Predictors of Dissemination Success of STEM Learning Innovations: An Empirical Investigation
Type of Degreedissertation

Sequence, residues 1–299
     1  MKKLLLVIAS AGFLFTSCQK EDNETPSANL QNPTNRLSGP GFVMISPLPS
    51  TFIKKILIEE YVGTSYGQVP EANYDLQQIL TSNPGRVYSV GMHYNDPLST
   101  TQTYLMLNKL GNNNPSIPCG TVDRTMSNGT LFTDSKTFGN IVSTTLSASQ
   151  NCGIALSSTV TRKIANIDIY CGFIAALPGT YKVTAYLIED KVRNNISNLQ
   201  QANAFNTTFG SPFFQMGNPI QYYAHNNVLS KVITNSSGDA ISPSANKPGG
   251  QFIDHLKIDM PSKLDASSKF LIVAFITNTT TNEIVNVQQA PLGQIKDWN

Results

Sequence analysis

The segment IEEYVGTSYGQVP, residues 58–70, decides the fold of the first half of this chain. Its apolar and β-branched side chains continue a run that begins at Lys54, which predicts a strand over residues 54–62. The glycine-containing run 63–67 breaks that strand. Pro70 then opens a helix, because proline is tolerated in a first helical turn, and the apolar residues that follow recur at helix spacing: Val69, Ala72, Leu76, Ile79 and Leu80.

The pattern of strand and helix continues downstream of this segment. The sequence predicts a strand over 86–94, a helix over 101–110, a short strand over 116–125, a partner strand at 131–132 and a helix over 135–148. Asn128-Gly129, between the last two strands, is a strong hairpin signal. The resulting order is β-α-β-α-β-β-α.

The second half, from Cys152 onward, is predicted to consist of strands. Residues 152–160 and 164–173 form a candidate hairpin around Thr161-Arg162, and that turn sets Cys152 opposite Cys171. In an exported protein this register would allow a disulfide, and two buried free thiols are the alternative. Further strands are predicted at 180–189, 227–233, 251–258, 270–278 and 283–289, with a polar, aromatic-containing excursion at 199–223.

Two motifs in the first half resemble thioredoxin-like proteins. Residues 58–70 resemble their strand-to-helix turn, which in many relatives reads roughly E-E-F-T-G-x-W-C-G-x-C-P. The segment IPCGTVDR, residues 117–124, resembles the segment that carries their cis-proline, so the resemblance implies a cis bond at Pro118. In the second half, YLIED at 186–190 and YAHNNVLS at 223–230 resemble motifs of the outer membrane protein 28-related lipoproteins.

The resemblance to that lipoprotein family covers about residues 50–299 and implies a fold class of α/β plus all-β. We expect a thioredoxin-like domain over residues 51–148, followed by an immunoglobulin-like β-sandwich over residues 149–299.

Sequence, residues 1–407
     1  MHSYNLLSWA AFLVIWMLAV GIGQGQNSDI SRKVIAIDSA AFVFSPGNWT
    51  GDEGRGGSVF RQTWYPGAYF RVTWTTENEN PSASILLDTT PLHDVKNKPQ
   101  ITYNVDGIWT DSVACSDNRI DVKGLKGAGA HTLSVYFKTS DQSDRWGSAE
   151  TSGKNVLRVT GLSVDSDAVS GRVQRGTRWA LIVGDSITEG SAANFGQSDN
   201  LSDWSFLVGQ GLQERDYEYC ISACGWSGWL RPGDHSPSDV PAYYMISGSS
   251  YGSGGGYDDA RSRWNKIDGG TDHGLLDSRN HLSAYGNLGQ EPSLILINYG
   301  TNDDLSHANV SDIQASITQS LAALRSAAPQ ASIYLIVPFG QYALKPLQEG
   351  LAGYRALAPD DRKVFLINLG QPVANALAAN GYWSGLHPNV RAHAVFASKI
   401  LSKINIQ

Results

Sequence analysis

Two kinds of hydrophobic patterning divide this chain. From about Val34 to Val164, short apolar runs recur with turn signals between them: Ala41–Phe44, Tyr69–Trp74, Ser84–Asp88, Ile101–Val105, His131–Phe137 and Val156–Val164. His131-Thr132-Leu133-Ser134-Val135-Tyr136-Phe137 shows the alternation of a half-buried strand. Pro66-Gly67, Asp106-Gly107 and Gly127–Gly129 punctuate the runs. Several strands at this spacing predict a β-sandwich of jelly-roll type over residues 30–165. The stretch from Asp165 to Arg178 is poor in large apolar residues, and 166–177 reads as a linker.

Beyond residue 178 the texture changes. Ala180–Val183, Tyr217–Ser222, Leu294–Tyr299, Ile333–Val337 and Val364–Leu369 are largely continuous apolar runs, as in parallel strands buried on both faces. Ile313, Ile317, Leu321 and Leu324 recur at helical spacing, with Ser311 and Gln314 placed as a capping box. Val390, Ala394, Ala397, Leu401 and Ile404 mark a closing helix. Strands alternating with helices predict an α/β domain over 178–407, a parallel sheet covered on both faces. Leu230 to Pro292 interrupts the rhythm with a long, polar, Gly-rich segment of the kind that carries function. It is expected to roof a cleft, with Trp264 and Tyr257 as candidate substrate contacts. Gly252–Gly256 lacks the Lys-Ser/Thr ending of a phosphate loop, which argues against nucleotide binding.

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Although a great deal of work has been done to develop new educational innovations, in the field of engineering, few innovations have found widespread acceptance in the classroom. Therefore, frameworks that conceptualize the interactions among the variables that influence successful dissemination are critical. In this dissertation, dissemination is defined as a process of first creating an awareness of an educational innovation, then influencing the intention to adopt, the actual adoption, and finally the routine use of that innovation (Fincher, 2000; Gravestock, 2002; Hutchinson & Huberman, 1994; King, 2003). This dissertation establishes the importance of achieving three research goals: 1) developing a framework that describes the interrelationships among the characteristics of educational innovations and an organizations’ readiness to disseminate, 2) having an expert panel rank the characteristics of the educational innovations and readiness of faculty members, administrators, and students to disseminate, and 3) testing whether important characteristics of educational innovations and readiness of faculty members variables are significant predictors of successful dissemination. Three papers using different methodologies were sequentially developed to achieve the research goals: 1) a systematic literature review of recent dissemination literature, 2) a Delphi study of grant recipients who had disseminated educational innovations, and 3) a survey of electrical engineering and computer science faculty members. Analysis of the results from these papers led to the following findings: 1. Ease of use of an educational innovation and care about student learning outcomes were significant predictors of intention to adopt that innovation; 2. Efficacy of faculty members toward change and valence moderated the relationship between ease of use and intention to adopt educational innovations; 3. Attitude to educational innovation moderated the relationship between ease of use and intention to adopt educational innovations and moderated the relationship between intention to adopt and adoption; and 4. Awareness of others using an educational innovation was a significant predictor of adopting an educational innovation. The results of this dissertation may be leveraged by developers, faculty members, department chairs, college deans, and grant program managers, to successfully disseminate educational innovations in engineering and technology disciplines.
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